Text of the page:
FORT KNOX, Ky. – First Regiment Cadet Initial Entry Training, Alpha Company, transitioned to their second day of squad tactics training in Poorman Area June 18.
As this is their second day of field tactics training, the Cadets will be engaging in more practical application of the drills and fundamentals they were taught the day before.
“Yesterday was a lot of note taking, just getting it first in your head. We practiced it a few times, but not as much as we would’ve liked,” said Cdt. Seth Hebert, University of Central Missouri from Cottleville, Missouri, “But today is a lot of practice. We were in the outside classroom for maybe about five minutes before we were getting hands-on experience which is good because it promotes muscle memory.”
Their second day of training consisted of eight lanes of fundamentals in: patrolling (2 lanes), direct/indirect contact, ambush lane, reconnaissance, and squad attack. Each lane is dedicated to enhancing their ability to collaborate while in the field.
“Patrolling is inherently a group activity, kind of like an ant colony, where it takes the whole group working together to thrive. It requires everybody giving everything they’ve got to everyone else,” said Lt. Col. Stephen Peterson, Tennessee Technological University, officer-in-charge (OIC) of team eagle.
As the Cadets practice the drills in each lane, the OIC plays a more observatory role in order to help them learn.
“I’m helping them out by reinforcing their critical thinking. By observing them, I can ask afterwards ‘What made you do this?’ and ‘Why’d you do that?’ in order to help them improve,” stated 2nd Lt. Isaac Rubio, overseer of the reconnaissance lane.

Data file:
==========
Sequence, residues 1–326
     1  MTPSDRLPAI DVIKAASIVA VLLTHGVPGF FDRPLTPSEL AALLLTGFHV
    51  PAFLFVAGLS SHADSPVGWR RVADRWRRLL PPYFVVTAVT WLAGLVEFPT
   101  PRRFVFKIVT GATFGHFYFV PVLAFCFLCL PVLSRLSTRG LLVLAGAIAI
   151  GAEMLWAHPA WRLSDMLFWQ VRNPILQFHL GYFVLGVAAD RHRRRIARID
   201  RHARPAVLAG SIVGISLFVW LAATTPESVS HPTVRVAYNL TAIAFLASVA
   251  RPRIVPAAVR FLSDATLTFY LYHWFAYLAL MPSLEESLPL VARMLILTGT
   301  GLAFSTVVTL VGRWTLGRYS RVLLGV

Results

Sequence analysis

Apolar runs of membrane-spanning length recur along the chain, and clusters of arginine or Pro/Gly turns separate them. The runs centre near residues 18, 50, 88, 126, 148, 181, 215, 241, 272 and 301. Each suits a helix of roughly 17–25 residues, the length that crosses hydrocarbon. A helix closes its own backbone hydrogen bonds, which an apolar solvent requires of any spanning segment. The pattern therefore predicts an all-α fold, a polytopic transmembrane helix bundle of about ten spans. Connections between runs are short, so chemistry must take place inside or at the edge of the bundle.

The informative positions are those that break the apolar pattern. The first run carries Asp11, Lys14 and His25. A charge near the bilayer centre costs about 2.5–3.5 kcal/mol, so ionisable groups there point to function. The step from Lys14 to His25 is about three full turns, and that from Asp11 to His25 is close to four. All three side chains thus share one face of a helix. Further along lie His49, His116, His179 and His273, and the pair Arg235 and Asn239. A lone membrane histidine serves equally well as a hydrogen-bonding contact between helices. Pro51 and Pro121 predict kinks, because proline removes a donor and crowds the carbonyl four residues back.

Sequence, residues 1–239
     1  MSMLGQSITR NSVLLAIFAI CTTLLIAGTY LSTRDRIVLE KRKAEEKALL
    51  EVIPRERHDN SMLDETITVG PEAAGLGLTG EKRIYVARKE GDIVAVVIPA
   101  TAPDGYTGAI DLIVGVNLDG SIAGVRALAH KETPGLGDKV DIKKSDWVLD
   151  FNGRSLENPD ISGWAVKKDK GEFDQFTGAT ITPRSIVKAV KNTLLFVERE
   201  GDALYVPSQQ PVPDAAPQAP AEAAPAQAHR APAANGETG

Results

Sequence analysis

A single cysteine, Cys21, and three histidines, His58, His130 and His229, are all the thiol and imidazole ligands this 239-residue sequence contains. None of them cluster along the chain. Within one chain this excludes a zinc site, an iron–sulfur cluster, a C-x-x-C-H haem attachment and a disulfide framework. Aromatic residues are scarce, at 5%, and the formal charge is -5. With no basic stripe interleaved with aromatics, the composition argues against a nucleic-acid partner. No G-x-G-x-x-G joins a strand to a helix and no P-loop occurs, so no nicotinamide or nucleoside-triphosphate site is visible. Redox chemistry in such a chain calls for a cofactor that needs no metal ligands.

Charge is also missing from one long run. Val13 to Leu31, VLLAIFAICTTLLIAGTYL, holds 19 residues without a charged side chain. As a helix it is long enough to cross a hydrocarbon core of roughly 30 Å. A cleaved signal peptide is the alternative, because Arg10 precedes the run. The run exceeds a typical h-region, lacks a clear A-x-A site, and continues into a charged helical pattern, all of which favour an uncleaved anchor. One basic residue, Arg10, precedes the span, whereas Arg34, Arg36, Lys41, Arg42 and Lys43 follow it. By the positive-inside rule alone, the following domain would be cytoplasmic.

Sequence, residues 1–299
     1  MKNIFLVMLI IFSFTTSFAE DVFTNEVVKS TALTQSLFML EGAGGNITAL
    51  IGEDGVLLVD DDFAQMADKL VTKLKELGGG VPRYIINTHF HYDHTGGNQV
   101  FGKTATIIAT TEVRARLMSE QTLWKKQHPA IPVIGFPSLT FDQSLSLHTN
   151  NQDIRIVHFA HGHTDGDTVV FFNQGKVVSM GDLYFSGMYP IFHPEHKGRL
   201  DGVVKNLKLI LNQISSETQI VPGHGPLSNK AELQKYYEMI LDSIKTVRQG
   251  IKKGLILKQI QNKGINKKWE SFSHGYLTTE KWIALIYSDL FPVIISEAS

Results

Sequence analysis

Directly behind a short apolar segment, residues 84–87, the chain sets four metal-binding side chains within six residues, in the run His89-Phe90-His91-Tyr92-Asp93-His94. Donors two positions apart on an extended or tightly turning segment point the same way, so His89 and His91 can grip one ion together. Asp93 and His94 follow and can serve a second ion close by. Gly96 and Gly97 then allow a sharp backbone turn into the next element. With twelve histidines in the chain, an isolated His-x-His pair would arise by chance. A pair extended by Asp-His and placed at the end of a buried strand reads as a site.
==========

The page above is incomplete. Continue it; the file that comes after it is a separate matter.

Cadets run through the drills in each lane about two to three times, making improvements before moving on to the next lane.
“This lane gave me good practice. Now I know who to assign jobs to, how to strategically move my unit from one place to another and who is best to communicate with,” said Cdt. Emma Adams, James Madison University, from Eldersburg, Maryland of her first lane, reconnaissance.
This was their first day applying these drills in forest terrain, adjusting to the environmental changes was a challenge.
“It’s hot, it’s humid, there are a lot of distractions. Because we practice squad formations in an open field, when you get out here, it’s very different. We get a more real life look at what it would be like on a mission,” Cdt. Hebert explained.
In addition to the environmental changes, the Cadets ran their drills under the pressures of enemy combatants, simulated gunfire and explosives. Communication became a necessary element in these conditions.
During their briefing after the drill, 2nd. Lt. Rubio critiqued the Cadets saying they “did not send enough reports” back to personnel during their mission, which is key in order for operations to know the status of the team.
“We need to be more clear, more concise in our leadership and communication. We just need to keep practicing and get better,” Hebert said.